New Lammily doll accessories create unhealthy route to self-confidence for young girls

New Lammily doll accessories create unhealthy route to self-confidence for young girls

   Since Barbie’s debut in 1959, the doll has been criticized for creating an unrealistic idea of body image. Nickolay Lamm is one such critic who tried to eliminate the discordance between dolls and the average woman with his new Lammily doll, which was released in November 2014.

   Lamm’s message is well-intended and true: “reality is cool and although it’s not perfect, it’s beautiful,” he said ( One of the main differences between the Lammily doll and Barbie is that the former’s body has the proportions of an average nineteen-year-old American woman. If scaled to human size, Barbie would have a bust much larger and a waist much smaller than those of the average woman ( Regardless of whether Barbie’s proportions should be changed, there is no problem with having a different, more accurately shaped doll on the market. It is what is coming up for the Lammily doll that is concerning.

   Soon to be released are “Lammily Marks,” which are vinyl stickers that can be placed on the doll. Included in the line are acne, cellulite, stretch marks, mosquito bites, blushing and scars stickers. This is taking the idea of reality in dolls too far. A post about the stickers on the Lammily website discusses how scars from injuries and surgeries can be a source of discomfort and self-consciousness, and embracing such imperfections is crucial. These issues undoubtedly exist and need to be handled, but Lammily does not do so in a helpful, productive way. Another part of the same post reads, “Now, children have an empathetic companion alongside of them.” Dolls cannot be empathetic. Children should not rely on dolls customized with stickers to replicate their blemishes as a source of empathy.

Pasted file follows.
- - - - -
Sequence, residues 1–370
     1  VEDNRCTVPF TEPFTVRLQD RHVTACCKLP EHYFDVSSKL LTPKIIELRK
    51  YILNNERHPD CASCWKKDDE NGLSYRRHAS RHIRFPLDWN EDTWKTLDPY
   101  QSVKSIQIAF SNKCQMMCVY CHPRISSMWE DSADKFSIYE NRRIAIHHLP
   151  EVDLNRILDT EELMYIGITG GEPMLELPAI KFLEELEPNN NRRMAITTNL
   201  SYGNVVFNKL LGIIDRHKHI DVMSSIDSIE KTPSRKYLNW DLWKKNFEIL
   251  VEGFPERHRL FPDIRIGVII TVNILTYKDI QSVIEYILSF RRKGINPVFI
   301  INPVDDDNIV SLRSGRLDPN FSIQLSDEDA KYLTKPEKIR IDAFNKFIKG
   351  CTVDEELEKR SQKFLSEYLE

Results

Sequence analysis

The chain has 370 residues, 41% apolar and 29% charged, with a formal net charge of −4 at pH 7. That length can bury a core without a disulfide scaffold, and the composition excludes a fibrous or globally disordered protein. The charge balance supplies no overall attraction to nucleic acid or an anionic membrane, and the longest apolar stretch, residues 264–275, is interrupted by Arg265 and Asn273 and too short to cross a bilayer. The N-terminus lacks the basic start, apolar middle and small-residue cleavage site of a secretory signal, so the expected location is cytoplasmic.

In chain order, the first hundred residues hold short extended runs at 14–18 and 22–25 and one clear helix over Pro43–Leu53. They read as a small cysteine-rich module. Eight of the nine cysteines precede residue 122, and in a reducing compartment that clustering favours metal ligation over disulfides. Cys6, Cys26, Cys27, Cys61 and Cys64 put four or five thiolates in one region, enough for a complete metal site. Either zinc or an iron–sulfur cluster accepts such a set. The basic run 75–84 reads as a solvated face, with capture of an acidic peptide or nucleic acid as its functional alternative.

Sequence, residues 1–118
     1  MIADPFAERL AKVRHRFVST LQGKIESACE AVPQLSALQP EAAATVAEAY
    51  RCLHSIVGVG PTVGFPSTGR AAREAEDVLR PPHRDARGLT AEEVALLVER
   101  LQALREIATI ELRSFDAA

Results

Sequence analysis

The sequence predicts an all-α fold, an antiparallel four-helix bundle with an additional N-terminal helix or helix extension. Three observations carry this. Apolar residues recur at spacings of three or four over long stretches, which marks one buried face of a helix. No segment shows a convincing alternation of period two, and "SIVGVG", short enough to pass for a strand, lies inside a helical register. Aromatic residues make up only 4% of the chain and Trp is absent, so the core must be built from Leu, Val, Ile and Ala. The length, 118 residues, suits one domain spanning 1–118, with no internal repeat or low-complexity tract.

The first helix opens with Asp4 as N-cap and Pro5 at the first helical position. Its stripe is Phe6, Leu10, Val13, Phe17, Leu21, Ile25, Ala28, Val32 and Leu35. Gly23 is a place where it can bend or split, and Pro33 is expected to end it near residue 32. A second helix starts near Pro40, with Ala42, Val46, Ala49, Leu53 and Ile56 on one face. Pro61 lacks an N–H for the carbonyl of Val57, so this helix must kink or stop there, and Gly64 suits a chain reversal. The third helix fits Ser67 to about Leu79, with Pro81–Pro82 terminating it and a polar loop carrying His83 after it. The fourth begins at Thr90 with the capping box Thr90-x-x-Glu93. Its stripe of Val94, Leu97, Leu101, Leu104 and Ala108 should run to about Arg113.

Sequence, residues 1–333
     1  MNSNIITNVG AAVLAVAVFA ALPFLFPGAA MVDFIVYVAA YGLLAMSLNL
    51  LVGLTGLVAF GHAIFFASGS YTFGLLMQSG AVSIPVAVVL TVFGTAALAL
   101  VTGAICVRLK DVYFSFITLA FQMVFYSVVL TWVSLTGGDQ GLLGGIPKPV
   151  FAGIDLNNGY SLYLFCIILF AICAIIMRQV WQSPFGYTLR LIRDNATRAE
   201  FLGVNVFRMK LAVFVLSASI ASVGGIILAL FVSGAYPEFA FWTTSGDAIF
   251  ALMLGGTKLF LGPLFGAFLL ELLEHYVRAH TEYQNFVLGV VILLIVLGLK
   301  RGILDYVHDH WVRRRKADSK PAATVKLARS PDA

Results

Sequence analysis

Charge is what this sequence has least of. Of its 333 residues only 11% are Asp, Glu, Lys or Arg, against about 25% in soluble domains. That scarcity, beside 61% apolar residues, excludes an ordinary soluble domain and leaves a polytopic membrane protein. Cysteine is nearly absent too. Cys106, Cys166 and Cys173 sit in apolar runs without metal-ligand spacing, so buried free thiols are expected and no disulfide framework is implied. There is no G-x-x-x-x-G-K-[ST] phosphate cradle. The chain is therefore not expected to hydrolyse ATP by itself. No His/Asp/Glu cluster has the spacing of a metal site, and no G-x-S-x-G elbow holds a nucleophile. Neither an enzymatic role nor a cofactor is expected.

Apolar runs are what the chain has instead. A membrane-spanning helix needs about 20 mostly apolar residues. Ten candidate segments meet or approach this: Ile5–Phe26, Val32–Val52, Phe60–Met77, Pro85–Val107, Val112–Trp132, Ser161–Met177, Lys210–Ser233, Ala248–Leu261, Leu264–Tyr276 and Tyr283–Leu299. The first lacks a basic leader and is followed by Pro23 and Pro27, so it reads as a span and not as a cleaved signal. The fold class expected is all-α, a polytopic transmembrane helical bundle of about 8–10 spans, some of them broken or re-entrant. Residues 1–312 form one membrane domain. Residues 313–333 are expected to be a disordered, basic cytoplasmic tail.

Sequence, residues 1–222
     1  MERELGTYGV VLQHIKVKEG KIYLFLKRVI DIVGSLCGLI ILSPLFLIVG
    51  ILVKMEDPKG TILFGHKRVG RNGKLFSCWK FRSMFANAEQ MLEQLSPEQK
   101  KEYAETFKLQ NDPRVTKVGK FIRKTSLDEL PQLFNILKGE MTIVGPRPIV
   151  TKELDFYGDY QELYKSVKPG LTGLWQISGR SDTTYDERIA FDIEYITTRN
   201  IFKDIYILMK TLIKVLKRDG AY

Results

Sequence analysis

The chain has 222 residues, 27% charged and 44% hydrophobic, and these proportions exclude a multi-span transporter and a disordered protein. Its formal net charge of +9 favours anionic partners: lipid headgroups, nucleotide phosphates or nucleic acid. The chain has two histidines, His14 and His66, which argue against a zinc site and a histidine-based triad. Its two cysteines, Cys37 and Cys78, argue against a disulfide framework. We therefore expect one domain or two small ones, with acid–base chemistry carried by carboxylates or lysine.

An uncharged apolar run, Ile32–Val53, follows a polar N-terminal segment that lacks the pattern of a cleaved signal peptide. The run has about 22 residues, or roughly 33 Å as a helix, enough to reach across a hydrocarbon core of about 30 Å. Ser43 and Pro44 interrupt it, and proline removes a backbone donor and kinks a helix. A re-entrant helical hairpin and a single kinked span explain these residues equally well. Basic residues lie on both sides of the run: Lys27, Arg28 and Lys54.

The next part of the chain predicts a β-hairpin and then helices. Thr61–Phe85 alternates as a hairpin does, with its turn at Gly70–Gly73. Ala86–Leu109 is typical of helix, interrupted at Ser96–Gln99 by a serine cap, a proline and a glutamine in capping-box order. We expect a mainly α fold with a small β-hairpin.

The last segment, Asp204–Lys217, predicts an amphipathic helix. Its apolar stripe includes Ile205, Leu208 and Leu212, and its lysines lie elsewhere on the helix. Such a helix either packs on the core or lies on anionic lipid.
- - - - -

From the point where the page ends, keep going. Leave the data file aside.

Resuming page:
Above the blushing sticker on the Lammily Marks sheet reads, “Embarrassed, shy, or anxious? Don’t worry, no need to hide how you feel!” Is placing a sticker on a doll really the right way to deal with shyness? If the whole idea is that reality is beautiful, children should turn to other members of such reality when dealing with self-confidence issues, not inanimate objects. By offering stickers of things as specific and detailed as cellulite, the Lammily company implies that dolls need to be realistic. A doll can replicate the appearance of blemishes, imperfections and flaws, but it cannot replicate the feelings of discomfort and self-consciousness that Lammily acknowledges as results of such physical traits. If kids are truly feeling self-conscious, they should not turn to dolls for confidence. The Lammily site features a video of Lamm asking for money for the Lammily doll project “so that our girls can grow up to become…truly confident and proud in their own bodies.” Using Lammily Marks is simply not a healthy route to self-confidence.

   Although the creators have good intentions for the mental and physical health of young girls as the execution is poor and will ultimately not help girls. Acceptance of all body types is important—and is gaining more and more attention, with songs about body confidence like “All About That Bass” by Meghan Trainor and “Try” by Colbie Caillat—but its enforcement must be carefully conducted.